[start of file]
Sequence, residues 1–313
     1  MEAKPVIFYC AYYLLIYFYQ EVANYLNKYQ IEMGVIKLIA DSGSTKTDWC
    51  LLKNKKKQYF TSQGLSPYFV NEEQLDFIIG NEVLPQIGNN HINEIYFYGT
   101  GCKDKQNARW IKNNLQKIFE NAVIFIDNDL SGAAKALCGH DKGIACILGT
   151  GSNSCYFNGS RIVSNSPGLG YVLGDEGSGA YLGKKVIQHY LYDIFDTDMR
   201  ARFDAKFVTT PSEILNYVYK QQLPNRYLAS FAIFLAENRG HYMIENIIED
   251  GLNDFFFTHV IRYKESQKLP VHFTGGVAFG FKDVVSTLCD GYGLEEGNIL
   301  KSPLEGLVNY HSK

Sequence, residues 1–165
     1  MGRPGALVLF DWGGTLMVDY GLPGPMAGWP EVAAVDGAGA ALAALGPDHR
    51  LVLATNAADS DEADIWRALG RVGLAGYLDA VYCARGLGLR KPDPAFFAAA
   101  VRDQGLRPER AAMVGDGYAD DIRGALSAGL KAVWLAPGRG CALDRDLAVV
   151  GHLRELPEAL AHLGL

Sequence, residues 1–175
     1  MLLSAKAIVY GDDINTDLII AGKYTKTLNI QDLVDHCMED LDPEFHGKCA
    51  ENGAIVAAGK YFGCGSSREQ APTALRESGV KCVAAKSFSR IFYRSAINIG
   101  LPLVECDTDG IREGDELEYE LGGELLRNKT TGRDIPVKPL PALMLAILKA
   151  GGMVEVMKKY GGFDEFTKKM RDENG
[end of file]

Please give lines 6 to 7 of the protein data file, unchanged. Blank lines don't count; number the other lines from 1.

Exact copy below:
   201  ARFDAKFVTT PSEILNYVYK QQLPNRYLAS FAIFLAENRG HYMIENIIED
   251  GLNDFFFTHV IRYKESQKLP VHFTGGVAFG FKDVVSTLCD GYGLEEGNIL